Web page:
Protests in Lebanon as local currency hits record low

Protests in Lebanon as local currency hits record low

Protests broke out across the country Tuesday after the Lebanese pound hit a record low against the dollar on the black market, a sign of deepening multiple crises and no prospects for a new Cabinet in sight.

The crash in the local currency that has resulted in a sharp increase in prices led to the outbreak of small protests in a number of cities around the country. In some, demonstrators blocked roads with burning tires.

Several major roads were closed, including in the capital Beirut, where the highway leading to the international airport was briefly closed before soldiers reopened it. Roads were also closed in the northern city of Tripoli and in Sidon, Lebanon’s second and third largest cities.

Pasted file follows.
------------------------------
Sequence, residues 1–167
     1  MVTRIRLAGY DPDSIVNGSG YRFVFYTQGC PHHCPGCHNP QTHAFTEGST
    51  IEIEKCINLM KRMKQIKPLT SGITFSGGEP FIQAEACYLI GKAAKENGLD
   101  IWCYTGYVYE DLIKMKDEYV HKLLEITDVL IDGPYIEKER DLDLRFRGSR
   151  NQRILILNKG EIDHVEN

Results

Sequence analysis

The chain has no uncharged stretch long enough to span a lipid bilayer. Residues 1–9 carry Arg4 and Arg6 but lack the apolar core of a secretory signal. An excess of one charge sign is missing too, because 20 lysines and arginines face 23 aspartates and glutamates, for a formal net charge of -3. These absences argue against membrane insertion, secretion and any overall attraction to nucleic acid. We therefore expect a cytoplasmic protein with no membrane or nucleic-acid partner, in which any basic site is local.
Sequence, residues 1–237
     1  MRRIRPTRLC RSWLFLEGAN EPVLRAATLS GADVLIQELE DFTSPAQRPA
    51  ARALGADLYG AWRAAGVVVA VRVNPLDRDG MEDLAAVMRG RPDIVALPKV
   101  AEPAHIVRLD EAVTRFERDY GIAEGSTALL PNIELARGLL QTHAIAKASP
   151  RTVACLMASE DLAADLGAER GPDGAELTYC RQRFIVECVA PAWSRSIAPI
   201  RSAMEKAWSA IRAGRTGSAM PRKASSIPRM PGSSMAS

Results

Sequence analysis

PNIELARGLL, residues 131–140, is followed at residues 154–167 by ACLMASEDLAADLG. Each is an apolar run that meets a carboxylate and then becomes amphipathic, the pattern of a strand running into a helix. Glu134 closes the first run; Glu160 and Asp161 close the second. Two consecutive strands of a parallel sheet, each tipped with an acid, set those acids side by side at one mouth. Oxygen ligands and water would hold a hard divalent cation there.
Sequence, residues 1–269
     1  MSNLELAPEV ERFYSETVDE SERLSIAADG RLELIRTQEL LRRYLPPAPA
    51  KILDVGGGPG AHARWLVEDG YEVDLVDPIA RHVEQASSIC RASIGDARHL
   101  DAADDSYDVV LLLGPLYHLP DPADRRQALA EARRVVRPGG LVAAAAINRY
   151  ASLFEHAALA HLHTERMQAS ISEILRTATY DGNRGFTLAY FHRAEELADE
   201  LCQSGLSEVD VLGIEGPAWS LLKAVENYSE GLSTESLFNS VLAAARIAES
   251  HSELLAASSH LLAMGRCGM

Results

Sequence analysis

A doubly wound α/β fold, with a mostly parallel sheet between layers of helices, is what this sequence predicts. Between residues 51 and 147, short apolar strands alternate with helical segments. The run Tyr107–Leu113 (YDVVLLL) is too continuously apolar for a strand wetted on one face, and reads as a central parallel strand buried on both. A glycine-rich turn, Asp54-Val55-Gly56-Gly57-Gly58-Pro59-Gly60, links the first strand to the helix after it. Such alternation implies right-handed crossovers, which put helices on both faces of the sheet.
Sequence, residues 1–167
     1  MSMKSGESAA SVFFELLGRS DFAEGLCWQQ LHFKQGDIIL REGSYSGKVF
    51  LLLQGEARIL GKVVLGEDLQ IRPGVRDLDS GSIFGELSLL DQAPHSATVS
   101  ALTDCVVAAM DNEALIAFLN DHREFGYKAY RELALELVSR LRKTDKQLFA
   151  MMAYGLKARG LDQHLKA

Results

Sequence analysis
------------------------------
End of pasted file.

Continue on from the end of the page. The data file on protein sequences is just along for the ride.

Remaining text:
After sunset, more protesters poured into the streets and closed the main highways that link Beirut with the country’s north, south and the eastern Bekaa Valley.

“There is no way to get back our dignity other than the street,” a protester in Beirut told a local TV station. Many of the protesters put on masks amid an increase in cases of coronavirus. The health ministry reported Tuesday 3,098 new cases and 62 deaths despite a weekslong lockdown.

A lack of hard currency has also led to delays in the arrival of fuel shipments, leading to more extended power cuts around the country, in some areas reaching more than 12 hours a day.

The dollar briefly traded at 10,000 Lebanese pounds on Tuesday afternoon. The previous record was registered in July, when the dollar briefly sold for 9,900 pounds on the black market. The official price remains 1,520 pounds to the dollar.

Lebanon has been hammered by one crisis after another, starting with the outbreak of anti-government protests against the country’s corrupt political class in October 2019. That has been compounded by the coronavirus pandemic and a massive blast in Beirut’s port last August that decimated the facility.


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